Is it not a paradox? Knowledge Management is a widely accepted management concept that also renders high consulting fees in the companies aiming to implement it. Yet, we still find endless discussions about how to define the asset that is being managed, i.e., ‘knowledge’. So far, very few, if any, have actually been able to provide a sensible definition of the concept ‘knowledge’ that makes it manageable. My personal opinion is that when, if ever, we reach a point where anyone can claim actual success in managing someone else’s knowledge, we are all in very big trouble, as this more or less equals mental manipulation.
Rather, what we are talking about is the management of enabling processes and tools for the business utilization of knowledge (whatever we mean by that?). My favorite quote, capturing most of this paradox, comes from Larry Prusac, at that time at IBM consulting:
“I call my field knowledge management but you cannot manage knowledge, nobody can. What you do, what a company does, is managing the environment that optimizes knowledge.”
To me, "knowledge" is something that is very personal and simply refers to each individual’s own ability to put new information in a perspective based on formal education and experiences, including values and personality. If my "definition" is correct, Knowledge Management quickly boils down to two core activities:
- An active HR strategy that aims to inspire and enable employees and partners to increase their personal knowledge domains, and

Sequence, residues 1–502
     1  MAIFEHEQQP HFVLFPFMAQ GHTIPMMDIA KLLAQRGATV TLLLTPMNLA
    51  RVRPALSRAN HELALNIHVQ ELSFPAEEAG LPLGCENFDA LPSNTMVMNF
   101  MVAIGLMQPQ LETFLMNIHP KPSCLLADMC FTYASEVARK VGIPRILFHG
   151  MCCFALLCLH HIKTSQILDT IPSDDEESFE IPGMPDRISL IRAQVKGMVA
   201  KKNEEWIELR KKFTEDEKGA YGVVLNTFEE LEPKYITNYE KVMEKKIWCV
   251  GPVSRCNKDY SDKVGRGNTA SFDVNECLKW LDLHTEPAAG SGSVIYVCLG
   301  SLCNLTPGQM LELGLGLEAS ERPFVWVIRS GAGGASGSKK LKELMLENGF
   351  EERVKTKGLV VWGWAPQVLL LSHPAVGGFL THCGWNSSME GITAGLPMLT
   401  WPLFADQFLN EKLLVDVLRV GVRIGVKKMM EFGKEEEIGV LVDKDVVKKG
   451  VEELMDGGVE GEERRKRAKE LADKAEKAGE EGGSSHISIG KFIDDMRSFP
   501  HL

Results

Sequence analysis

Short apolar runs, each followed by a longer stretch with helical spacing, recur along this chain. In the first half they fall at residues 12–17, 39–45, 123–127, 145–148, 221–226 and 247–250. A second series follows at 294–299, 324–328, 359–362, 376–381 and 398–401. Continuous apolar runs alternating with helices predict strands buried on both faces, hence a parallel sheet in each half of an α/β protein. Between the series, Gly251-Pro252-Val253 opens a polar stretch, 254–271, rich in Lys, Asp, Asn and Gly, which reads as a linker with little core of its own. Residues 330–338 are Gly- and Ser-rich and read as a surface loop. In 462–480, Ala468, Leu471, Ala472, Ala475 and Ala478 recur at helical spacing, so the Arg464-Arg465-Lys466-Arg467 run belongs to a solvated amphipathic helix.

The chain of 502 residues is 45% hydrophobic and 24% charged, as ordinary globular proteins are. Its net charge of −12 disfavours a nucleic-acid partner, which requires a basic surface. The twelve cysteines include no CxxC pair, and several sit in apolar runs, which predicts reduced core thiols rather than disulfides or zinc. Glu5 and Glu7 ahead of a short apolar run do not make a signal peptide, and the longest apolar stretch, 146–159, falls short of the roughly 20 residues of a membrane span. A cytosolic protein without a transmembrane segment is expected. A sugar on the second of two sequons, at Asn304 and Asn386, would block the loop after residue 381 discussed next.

- An active business strategy that focuses on making information and colleagues accessible for the employees, depending on their business needs and roles in the company's decision process.
Now, those of you that followed my old blog (dead and buried for some time now) will recognize that this piece of text above is very similar to a piece I wrote some years ago, with one significant difference; the addition of “and colleagues“ in the second bullet above. Is this what we mean by corporations “going social” ? Is “social enterprise” just an addition to the existing infrastructures to enable me to find and communicate with colleagues but in a new and more efficient environment?
Finally a question for us definition geeks; are enterprise social tools and models a part of Knowledge Management or is it the other way around, or are they not related at all? J
You can read a more elaborated text of my definition thoughts on http://gabriel.anderbjork.se/docs/KM%20back%20to%20its%20roots%20-%20rev%20A.pdf